Dubai: Work pressure is taking a heavy toll on school teachers with many ending up in hospitals for stress-related diseases while trying to meet unrealistic deadlines ahead of the summer vacation.
Unable to cope with the rigours of their excessively demanding job, scores have resigned and many more are expected to follow in the coming days, XPRESS can reveal.
Testimonies gathered during interviews conducted with nearly two dozen women teachers picked randomly from various Indian curriculum schools across the UAE present a chilling story.
Every teacher we spoke to said they are forced to carry piles of work home and stay awake till way past midnight, often on weekends, to prepare assessment sheets, lesson plans and a host of other things before schools close for the summer break in July.
The increased workload is having a devastating impact on their lives both inside and outside the classroom. At least five teachers have collapsed at their work places in recent days and had to be rushed to hospitals with symptoms of fatigue and hypertension.
Now Thumbay Group Hospitals and Clinics is holding a Teachers Health Awareness Week from May 21 to 26, which, besides blood pressure checks, includes stress-management workshops and exercise demonstrations for chronic neck and back pain. Orthopaedic surgeons said there has been a spike in the number of teachers seeking treatment for repetitive stress injuries and cervical spondylosis caused by prolonged computer use.
“One of the main causes of concern for teachers is back pain as they often stand or sit for long hours, bend or crouch over children at their desks, lift young children or heavy objects,” said Dr. Sebouh Z Kassis, specialist neurosurgeon at Burjeel Dubai.
“In recent weeks, we’ve had to call an ambulance twice -- the most recent was a few days ago when a teacher fainted in the classroom. It’s too much work,” said the supervisor at a Jebel Ali school, where 20 teachers have put in their papers, including 11 from one section.
“I am next. I can’t handle it any more,” said the woman who has been with the school for 10 years. A longtime primary school teacher who quit last fortnight said she couldn’t balance work and family life. “All my evenings and weekends were spent preparing worksheets and logbooks. The obsession with data creating evidence of activities, needless documentation and the dreaded school inspections had taken the joy out of the profession and turned me into a robot. My life was a wreck. I had no time for myself or my family,” she said.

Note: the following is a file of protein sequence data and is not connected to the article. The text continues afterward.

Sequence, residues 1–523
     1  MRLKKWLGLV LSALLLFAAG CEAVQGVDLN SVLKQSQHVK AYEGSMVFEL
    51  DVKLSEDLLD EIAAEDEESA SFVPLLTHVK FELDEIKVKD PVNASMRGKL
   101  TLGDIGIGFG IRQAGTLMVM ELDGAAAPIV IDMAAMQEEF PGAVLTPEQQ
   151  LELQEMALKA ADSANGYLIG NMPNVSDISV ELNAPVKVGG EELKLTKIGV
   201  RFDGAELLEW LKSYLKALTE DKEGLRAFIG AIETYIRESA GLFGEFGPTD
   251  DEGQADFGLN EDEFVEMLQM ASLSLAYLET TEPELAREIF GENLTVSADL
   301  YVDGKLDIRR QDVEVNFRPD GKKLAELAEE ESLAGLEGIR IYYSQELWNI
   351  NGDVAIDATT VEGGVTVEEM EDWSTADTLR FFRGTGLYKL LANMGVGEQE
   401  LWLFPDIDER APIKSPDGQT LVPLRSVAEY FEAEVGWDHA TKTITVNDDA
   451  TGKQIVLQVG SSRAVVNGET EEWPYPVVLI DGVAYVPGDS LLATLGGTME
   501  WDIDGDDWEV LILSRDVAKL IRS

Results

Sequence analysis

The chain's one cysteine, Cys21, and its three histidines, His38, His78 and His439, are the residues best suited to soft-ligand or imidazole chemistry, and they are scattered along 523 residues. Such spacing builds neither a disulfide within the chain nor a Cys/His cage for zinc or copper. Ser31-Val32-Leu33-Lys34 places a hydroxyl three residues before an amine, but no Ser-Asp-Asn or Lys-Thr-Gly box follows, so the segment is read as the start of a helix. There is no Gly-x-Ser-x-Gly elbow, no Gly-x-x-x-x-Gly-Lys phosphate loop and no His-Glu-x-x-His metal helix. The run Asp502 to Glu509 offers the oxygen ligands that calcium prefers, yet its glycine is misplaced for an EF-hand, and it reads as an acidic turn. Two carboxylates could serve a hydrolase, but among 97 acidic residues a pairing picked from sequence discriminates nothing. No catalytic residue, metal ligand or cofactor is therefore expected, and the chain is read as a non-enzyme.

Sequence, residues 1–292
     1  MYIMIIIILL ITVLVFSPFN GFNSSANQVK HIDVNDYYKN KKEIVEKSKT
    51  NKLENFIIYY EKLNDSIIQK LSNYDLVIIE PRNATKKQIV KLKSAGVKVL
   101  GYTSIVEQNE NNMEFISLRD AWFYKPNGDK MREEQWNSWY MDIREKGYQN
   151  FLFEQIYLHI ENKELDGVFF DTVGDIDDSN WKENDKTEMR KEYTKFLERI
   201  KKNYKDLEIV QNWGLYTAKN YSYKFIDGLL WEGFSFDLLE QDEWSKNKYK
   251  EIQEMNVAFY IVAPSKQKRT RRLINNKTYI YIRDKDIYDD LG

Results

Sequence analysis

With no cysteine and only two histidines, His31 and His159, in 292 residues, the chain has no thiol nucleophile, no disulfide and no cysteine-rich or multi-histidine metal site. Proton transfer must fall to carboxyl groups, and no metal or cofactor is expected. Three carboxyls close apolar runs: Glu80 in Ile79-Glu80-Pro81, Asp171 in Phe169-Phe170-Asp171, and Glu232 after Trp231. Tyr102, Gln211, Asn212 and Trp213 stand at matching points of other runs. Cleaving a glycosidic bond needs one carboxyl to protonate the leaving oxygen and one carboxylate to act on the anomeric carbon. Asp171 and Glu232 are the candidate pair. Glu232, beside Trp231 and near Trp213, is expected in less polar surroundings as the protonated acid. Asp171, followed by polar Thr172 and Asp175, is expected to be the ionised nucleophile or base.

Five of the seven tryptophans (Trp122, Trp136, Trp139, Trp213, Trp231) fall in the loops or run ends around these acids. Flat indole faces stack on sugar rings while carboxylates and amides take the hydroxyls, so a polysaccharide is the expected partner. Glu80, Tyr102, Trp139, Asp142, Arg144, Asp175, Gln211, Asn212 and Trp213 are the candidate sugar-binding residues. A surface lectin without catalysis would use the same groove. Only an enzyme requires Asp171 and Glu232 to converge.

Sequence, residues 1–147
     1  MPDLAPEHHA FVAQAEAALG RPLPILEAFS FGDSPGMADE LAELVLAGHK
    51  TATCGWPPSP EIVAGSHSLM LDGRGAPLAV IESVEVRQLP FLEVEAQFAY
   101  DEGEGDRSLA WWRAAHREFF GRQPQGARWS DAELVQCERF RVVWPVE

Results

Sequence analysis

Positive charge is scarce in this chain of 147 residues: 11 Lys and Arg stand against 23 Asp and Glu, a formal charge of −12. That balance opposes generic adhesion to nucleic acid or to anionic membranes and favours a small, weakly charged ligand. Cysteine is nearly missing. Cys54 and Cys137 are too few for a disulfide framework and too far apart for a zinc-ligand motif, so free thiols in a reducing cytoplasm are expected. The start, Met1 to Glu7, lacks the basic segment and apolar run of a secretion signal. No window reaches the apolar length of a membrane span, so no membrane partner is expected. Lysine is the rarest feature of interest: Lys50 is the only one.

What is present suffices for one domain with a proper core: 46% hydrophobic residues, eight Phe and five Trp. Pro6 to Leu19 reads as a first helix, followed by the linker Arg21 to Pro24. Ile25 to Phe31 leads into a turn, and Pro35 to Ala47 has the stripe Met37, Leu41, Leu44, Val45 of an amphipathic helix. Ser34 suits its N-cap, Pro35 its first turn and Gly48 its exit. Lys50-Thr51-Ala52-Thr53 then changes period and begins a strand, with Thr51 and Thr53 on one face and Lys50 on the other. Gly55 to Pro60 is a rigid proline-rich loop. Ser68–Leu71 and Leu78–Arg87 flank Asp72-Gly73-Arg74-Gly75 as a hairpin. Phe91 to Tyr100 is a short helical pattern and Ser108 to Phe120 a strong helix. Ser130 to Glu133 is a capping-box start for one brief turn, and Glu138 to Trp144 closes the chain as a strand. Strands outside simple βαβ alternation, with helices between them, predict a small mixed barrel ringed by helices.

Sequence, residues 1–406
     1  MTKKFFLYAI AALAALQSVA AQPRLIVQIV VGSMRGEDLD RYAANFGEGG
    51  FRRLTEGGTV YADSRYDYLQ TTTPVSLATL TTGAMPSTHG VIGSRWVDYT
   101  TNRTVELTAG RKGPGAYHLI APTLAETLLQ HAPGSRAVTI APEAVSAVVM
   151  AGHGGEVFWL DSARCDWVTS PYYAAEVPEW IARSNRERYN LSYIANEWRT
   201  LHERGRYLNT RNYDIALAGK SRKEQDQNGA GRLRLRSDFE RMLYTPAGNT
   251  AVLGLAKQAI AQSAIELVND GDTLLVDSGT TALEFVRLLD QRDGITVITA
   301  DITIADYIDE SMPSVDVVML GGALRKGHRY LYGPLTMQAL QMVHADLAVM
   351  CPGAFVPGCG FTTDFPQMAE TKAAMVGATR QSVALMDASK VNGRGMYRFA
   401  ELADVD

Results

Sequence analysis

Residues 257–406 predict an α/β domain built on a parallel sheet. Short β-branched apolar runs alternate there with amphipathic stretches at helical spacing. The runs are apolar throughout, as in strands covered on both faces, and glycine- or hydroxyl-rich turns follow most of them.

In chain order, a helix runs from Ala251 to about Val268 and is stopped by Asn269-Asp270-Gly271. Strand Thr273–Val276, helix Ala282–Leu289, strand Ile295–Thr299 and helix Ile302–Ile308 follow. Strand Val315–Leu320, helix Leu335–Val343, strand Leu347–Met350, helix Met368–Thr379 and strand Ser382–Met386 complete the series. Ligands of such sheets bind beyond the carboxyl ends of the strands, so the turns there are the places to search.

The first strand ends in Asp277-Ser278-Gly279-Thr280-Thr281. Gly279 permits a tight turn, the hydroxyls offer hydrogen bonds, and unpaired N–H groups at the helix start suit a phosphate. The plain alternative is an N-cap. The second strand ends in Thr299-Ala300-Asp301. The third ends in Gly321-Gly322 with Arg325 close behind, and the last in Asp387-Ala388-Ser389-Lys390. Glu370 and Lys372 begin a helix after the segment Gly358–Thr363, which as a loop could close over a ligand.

“It was a wasted effort as all our efforts were directed towards pleasing the KHDA (Knowledge and Human Development Authority) and the real job of teaching had been put on the backburner,” said another teacher who put in her papers earlier this month.
“Since a good rating means a licence to increase fees, our work targets are raised every year but not the salaries,” said another teacher whose last annual increment was Dh60. “Even the bus conductor got Dh40 more,” she rued.
Pinned to the bottom of the pay scale, Indian teachers earn between a measly Dh2,000 and Dh4,500 per month. “Our salaries do not commensurate with the duties our job demands. Our work never ends. My supervisor has added us to a WhatsApp group and she sends us one assignment after another daily. Yesterday, I got a message from her at 1am and I had to spend the next hour uploading pictures and videos on the school portal,” said a teacher at a Sharjah-based school. “Of course, it’s assumed that you will have a smartphone and wi-fi connection at homee,” she said.
Earlier this year, a survey found that 8 out of 10 teachers want to change jobs because of low pay. The UAE School Teacher Survey 2016 conducted by WhichSchoolAdvisor.com and the UAE Learning Network showed that a whopping 76.92 per cent of respondents cited “an improvement in pay” as the top reason for staying in their job after their contract expired.
Alarming as they may sound, the numbers tell half the story because 70 per cent of the 531 teachers covered in the survey worked in British, American and IB curriculum schools, which pay more and have a lower work load compared to other schools.
Desperate situations call for desperate measures. To ease their burden, many class-teachers have sought demotion. “Such is the work pressure that qualified and experienced teachers are willing to take a pay hit and work as assistant teachers. I have got five demotion requests from some of our best class-teachers I can’t blame them,” said a school headmistress.
As schools grapple with staff retention, GEMS Education has come up with a retention plan called Share our Future where teachers and staff will be offered free shares.
“Teachers and staff can now take genuine ‘owner’s pride’ in the institution. We hope their sense of ownership will invoke an even greater commitment to excellent student outcomes within the classroom and beyond. We are optimistic this initiative will provide added incentive to attract and continue to retain the best of talent from around the world,” said Sunny Varkey, group Chairman of GEMS Global and Founder of GEMS Education and Varkey Foundation.
“This is all very good, but can we have a salary hike instead,” said a teacher who works for a Gems school in Dubai.